(Photo by rgaudet17/Pixabay)

Classifying truck drivers as independent contractors instead of as employees sets back climate change goals, according to a new study by a pro-labor group at UC Berkeley.

California needs cleaner commercial trucks to meet the state’s climate goals, but misclassification of truck drivers works against that goal, according to the study, which is titled, “Truck Driver Misclassification: Climate, Labor, and Environmental Justice Impacts.”

The report by the UC Berkeley Labor Center says classifying truck drivers as independent contractors rather than as employees puts the cost of cleaner trucks on drivers, who are those who can least afford it.

The study says trucker classification is important because vehicles, including commercial trucks, account for 40 percent of all greenhouse gas emissions in California.

The report was written by Sam Appel, the California policy organizer at BlueGreen Alliance and Dr. Carol Zabin, the director of the Green Economy Program at the UC Berkeley Labor Center.

The study highlights the potential for win-win policies that can protect the climate, workers, and communities impacted by pollution.

Among the report’s findings are that since trucking deregulation in the 1980s, a destructively competitive market environment has forced companies to cut costs, including by reducing compensation to truck drivers.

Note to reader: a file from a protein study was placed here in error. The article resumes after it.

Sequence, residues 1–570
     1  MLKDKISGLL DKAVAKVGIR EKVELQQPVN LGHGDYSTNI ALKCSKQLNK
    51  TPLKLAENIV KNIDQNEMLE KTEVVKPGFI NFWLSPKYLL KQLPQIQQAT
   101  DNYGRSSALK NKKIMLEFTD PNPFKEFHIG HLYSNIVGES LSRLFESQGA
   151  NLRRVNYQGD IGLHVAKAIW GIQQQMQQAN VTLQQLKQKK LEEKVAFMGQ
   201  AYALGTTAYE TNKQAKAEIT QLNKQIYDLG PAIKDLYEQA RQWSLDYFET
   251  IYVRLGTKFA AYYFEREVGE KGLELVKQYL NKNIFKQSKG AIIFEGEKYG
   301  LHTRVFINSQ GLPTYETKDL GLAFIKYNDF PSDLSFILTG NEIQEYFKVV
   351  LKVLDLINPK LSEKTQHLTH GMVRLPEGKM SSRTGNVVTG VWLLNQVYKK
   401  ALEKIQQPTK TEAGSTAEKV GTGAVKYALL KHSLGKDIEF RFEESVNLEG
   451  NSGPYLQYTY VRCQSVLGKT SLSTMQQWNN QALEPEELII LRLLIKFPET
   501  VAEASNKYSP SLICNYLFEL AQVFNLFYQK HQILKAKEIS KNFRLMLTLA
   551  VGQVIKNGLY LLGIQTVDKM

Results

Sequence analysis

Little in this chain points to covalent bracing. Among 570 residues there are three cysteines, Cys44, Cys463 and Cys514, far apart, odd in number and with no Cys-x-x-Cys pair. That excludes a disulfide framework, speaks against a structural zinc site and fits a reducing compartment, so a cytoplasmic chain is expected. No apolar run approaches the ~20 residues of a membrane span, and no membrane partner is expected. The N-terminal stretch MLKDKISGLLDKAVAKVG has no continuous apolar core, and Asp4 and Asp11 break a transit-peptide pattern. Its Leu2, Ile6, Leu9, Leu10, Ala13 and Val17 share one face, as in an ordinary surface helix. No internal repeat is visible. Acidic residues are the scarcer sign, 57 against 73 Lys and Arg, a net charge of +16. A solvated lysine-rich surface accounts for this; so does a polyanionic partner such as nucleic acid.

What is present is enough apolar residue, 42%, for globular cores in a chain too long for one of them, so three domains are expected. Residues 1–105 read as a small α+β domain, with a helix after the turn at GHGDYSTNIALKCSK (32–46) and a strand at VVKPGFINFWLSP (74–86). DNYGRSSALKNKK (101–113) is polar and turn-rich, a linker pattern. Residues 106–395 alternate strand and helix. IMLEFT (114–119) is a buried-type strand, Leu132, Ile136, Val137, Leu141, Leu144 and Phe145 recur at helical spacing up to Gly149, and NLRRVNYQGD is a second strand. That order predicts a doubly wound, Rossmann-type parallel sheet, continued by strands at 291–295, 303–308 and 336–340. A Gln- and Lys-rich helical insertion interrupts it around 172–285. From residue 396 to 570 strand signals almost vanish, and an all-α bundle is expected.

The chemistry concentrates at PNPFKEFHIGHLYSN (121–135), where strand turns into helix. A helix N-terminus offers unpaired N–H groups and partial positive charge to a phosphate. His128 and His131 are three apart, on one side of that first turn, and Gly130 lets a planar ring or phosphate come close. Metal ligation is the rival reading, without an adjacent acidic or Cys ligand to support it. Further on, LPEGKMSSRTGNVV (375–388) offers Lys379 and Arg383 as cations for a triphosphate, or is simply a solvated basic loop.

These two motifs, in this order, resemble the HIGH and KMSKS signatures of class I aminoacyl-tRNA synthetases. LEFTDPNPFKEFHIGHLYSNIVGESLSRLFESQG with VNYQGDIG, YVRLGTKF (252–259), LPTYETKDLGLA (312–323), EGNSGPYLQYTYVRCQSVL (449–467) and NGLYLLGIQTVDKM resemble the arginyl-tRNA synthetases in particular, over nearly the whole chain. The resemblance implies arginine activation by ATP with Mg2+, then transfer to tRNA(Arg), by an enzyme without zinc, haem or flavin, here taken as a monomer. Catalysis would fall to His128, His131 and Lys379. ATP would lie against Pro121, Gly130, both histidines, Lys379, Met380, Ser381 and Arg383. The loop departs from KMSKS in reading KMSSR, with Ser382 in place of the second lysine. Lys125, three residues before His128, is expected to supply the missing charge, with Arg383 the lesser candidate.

The study says a high prevalence of truck driver misclassification is found in local freight trucking, local pickup and delivery and the long-haul trucking segments of the California trucking industry.

It says drivers that meet the legal standard to be classified as employees but are misclassified as independent contractors earn very low wages and must finance expensive vehicles with high-interest loans or high-cost leases to comply with clean vehicle rules.

The report finds that as a result of the capital barriers they face, the contractor segment of the trucking industry has the lowest compliance rates with California’s current clean vehicle regulations.

The study was released as the California State Senate considers Assembly Bill 5, which would ensure that California companies classify workers as employees and assume responsibility for the cost of equipment acquisition, financing, maintenance, and compliance.

“If we’re going to make the transition to electric and low-carbon trucks we need to do it equitably and efficiently — that’s not possible with misclassified contract truck drivers,” Appel said in a statement.

Appel said, “AB 5 can both protect California workers and accelerate our transition to a low-carbon transportation sector.”

Zabin said, “The evidence is clear: we need to solve the problem of misclassification in order to improve compliance with climate policies.”

Zabin said, “The costs of climate policies in the trucking sector can be absorbed if they are spread out among trucking firms, retailers and consumers, but not when they fall on the shoulders of low-income truck drivers.”

The Center for Labor Research and Education is a public service project of the Institute for Research on Labor and Employment at UC Berkeley.